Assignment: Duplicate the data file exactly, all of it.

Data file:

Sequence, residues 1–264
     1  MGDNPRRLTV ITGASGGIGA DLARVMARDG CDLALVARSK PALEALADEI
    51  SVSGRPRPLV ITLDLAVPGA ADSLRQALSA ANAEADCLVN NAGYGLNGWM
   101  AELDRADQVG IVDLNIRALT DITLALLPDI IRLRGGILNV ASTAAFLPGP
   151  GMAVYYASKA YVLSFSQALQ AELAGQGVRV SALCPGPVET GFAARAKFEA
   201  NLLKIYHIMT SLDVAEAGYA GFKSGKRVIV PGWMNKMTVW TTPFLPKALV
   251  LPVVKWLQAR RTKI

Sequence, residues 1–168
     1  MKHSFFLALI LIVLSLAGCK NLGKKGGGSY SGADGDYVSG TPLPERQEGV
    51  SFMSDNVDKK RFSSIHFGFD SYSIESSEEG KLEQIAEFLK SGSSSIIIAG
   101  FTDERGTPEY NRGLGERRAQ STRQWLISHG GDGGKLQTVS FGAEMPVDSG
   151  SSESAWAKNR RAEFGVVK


Sequence, residues 1–264
     1  MGDNPRRLTV ITGASGGIGA DLARVMARDG CDLALVARSK PALEALADEI
    51  SVSGRPRPLV ITLDLAVPGA ADSLRQALSA ANAEADCLVN NAGYGLNGWM
   101  AELDRADQVG IVDLNIRALT DITLALLPDI IRLRGGILNV ASTAAFLPGP
   151  GMAVYYASKA YVLSFSQALQ AELAGQGVRV SALCPGPVET GFAARAKFEA
   201  NLLKIYHIMT SLDVAEAGYA GFKSGKRVIV PGWMNKMTVW TTPFLPKALV
   251  LPVVKWLQAR RTKI

Sequence, residues 1–168
     1  MKHSFFLALI LIVLSLAGCK NLGKKGGGSY SGADGDYVSG TPLPERQEGV
    51  SFMSDNVDKK RFSSIHFGFD SYSIESSEEG KLEQIAEFLK SGSSSIIIAG
   101  FTDERGTPEY NRGLGERRAQ STRQWLISHG GDGGKLQTVS FGAEMPVDSG
   151  SSESAWAKNR RAEFGVVK